Are Portland's gang enforcement police officers legitimately targeting gang members, or sweeping up young black men for “doing fifty-five in a fifty-four,” as Jay Z and criminal defender Chris O’Connor assert? Much has been reported in the Mercury about how the police bureau's gang enforcement efforts might bring about racial profiling. But I decided to head down to the courthouse yesterday to see how the various issues played out on street level.
O’Connor’s claim of racial profiling came Thursday, September 10, during a motion-to-suppress-evidence hearing involving his client, Robert James. James, an African American, 26 years old, was stopped in June for allegedly rolling through a stop sign on his bike in North Portland around at 17th and Killingsworth. Arresting Officer Cody Berne—who is a member of the police bureau's Hotspot Enforcement Action Team (HEAT), which focuses on gang activity—testified Thursday that he turned on the overhead lights and chirped his siren at James, who stopped and waited on his bike. Berne approached James and asked him if he was carrying any weapons.
Here’s where it gets a little fuzzy. According to Officer Berne, James said he didn’t have any weapons, and offered the officer the right to search him. James testified that Officer Berne asked to frisk him. Either way, James testified that he really didn’t feel like he had a choice in the matter.
“You can’t just tell an officer ‘no, you can’t search me,’” he said.
Officer Berne said he patted James down, and that he felt a “bindle” of drugs in his pocket, but that he didn’t make an issue over the alleged bindle at first, instead asking James for his ID and taking it back to his patrol car to check if James had an arrest record. James did, for armed robbery. Officer Berne said he then returned to James and asked him about the drugs in his pocket, at which point James ran. When Berne finally caught up with him, the drugs were gone, Berne said. James was arrested for escape and traffic violation.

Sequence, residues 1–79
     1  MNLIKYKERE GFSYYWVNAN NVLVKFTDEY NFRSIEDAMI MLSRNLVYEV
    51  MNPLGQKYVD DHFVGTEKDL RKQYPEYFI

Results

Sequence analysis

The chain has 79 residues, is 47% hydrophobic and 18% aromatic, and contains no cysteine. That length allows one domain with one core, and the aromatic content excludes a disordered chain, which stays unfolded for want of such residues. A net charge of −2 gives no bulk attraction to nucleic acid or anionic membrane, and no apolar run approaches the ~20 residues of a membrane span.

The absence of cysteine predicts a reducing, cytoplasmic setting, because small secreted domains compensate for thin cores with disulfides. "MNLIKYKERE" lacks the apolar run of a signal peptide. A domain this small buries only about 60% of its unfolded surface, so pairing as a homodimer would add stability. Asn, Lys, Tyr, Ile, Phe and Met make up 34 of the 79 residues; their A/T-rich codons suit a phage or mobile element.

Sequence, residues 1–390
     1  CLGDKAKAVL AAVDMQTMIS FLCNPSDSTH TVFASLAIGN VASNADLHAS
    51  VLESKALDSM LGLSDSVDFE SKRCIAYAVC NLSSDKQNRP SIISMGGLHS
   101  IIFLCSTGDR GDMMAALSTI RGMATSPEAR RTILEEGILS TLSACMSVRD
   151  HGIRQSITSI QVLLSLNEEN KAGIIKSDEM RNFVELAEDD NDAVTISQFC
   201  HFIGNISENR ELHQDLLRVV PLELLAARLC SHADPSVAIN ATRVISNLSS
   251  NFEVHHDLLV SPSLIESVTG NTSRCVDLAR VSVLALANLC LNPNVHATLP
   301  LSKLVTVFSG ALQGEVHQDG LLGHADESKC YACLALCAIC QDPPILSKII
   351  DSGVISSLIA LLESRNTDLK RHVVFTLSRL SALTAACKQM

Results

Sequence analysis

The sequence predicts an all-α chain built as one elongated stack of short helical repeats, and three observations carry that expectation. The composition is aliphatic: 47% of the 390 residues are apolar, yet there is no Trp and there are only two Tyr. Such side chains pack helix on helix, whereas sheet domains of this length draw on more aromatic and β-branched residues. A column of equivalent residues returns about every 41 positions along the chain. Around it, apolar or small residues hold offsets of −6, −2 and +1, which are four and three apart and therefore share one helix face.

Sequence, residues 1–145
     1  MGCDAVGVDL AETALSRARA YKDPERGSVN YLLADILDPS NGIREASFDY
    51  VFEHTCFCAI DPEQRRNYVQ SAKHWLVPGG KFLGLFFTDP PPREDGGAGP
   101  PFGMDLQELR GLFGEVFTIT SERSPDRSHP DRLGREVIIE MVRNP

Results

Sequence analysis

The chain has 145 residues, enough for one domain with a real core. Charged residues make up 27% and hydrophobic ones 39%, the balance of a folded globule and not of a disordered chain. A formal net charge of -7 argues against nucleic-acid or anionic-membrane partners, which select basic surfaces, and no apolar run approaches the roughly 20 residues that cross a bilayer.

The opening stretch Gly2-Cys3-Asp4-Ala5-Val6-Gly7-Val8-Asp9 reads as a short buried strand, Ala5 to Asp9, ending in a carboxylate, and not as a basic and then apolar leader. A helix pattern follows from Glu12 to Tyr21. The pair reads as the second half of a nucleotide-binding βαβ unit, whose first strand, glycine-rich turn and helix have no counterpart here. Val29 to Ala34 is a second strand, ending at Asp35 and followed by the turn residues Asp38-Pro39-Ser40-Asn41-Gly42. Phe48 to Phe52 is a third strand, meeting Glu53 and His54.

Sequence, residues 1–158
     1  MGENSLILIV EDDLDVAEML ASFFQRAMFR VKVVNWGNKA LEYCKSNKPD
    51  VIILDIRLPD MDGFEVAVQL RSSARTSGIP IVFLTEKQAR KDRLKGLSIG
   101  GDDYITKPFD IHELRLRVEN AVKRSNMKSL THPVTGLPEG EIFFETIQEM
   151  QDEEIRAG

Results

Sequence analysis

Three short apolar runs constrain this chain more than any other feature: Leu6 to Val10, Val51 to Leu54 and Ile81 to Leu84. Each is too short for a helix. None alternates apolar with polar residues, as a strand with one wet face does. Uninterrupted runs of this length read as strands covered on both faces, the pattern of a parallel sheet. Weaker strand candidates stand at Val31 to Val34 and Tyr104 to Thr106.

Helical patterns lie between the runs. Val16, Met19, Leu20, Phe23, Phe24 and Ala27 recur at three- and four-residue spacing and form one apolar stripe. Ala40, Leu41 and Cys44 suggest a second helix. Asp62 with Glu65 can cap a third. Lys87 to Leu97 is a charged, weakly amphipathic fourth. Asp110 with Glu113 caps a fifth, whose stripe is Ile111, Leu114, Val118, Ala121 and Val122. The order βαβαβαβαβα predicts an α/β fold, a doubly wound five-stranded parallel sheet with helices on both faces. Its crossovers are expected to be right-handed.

O’Connor argued yesterday that stopping James was a "pretense stop," one that was racially motivated. He also said James was never officially detained, and that he was under no obligation to stay in the area of the officer or consent to any search.
For his part yesterday, Officer Berne was poised and calm, if seemingly a bit rehearsed, espousing that his goal was “to make sure no 14-year-old kid is walking around with a gun,” and other harmonious goals. But under pressure from O’Connor, Berne acknowledged that race is “a factor I’d consider” in deciding who to pull over.
Multnomah County Circuit Court Judge Jerry B. Hodson readily admitted to being rusty on search-and-seizure protocol, but assured both legal teams that he’d read up on the cases and statutes they cited. Hodson said he would make a decision about the motion to suppress on Monday morning, September 14.
The Mercury also has a call in to Sergeant Don Livingston, who oversees Berne. We'll keep tracking this story, and give you updates as we get them.